As part of the statistics project for CiviCRM, we are calculating a number of metrics that give us a good visibility on CiviCRM end-users. Some of these statistics have already been exposed and discussed, so this blog post will focus on how better insight into our user base can translate into positive outcomes for the project.
One of the statistics we produce is a cohort analysis. Per Wikipedia, a cohort analysis classifies users into related groups sharing a common characteristics for analysis. For CiviCRM, we grouped our users per the month they started using CiviCRM and looked at how many of these were still using CiviCRM over time, thereby calculating the attrition rate for this group.
Here is what this cohort analysis looked like for CiviCRM in early August 2015:
By looking at this graph we can see that around 65% of new CiviCRM users abandon the software during the first month of usage, then this attrition rate significantly slows down and around 10% of new users keep the software over the long term (9 months or more after initial install). Of course these numbers need to be put in perspective since there are most probably quite a lot of test sites and/or developmennt instances in these numbers, and these are meant to be kept only for a very limited amount of time. Also, the software being free, many users just 'give it a spin' out of curiosity without really being serious about using it.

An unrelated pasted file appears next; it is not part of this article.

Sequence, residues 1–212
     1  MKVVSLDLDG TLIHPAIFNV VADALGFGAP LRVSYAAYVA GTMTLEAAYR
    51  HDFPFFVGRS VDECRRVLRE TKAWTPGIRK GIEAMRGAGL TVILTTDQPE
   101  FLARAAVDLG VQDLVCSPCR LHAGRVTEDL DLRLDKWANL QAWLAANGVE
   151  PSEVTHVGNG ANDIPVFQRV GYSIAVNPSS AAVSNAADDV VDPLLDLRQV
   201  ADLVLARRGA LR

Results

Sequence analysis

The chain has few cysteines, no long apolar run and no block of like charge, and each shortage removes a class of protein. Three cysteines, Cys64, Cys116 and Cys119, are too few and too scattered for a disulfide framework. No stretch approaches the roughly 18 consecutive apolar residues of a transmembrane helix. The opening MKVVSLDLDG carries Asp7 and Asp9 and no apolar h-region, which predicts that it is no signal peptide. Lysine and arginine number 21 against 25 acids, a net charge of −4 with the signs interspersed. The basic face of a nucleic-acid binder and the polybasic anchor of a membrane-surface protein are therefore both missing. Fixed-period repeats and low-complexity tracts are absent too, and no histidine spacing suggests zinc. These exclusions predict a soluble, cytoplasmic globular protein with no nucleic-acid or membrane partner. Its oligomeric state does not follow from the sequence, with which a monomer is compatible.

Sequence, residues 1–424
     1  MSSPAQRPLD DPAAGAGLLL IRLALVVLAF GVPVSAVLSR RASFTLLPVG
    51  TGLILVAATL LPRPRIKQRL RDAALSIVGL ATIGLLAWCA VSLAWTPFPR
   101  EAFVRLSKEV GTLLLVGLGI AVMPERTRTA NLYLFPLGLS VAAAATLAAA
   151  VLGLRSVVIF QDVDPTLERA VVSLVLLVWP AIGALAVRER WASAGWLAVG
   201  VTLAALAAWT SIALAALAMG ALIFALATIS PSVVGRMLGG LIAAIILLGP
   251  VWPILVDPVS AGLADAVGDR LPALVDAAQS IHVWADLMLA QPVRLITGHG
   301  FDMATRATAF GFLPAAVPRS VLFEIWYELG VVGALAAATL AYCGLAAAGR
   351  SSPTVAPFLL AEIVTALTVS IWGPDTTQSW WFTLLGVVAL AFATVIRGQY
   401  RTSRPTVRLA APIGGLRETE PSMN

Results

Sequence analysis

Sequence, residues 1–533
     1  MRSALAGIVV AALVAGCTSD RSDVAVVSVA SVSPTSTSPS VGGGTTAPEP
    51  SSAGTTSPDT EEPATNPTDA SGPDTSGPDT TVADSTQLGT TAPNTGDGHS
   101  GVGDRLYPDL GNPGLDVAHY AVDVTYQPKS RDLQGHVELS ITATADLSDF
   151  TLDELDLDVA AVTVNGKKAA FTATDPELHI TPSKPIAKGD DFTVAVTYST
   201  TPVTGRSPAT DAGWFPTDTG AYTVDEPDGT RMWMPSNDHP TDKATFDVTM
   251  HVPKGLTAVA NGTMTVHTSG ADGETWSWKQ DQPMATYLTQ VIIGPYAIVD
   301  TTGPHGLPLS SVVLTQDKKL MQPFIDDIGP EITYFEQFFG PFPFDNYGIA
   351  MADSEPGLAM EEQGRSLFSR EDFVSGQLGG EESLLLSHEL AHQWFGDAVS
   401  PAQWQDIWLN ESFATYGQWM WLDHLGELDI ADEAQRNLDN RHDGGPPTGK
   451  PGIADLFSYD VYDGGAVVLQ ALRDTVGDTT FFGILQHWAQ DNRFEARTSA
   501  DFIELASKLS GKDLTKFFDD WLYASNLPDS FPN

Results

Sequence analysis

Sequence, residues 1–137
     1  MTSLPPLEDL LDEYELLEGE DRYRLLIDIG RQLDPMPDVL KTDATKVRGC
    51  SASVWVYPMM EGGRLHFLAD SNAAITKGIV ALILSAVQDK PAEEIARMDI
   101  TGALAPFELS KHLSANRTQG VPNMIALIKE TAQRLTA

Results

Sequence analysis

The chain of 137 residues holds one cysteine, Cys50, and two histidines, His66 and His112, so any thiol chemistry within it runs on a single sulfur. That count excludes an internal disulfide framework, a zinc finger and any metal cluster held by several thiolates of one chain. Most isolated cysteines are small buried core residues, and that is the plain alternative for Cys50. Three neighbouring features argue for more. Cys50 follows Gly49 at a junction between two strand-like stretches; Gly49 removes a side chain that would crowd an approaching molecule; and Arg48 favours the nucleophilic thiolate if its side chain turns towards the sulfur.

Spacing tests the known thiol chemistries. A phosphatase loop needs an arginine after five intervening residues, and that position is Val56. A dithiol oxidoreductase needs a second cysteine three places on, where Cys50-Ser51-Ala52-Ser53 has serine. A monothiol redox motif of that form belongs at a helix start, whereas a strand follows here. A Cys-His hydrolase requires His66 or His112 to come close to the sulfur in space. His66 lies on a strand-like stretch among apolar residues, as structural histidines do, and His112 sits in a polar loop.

But nevertheless, the question is: How can we keep more of these users over the long term?
After a heated discussion on the partners mailing list, the consensus was that adoption lagged primarely because the learning curve is too steep: beginner users do not know where to start of what to do. There does exists a wide body of documentation and helpful resources available, but these are not easilly accessible.
Cividesk decided to tackle this challenge and created:
We will revisit this blog post in a few months to see if this cohort analysis is improving over time ...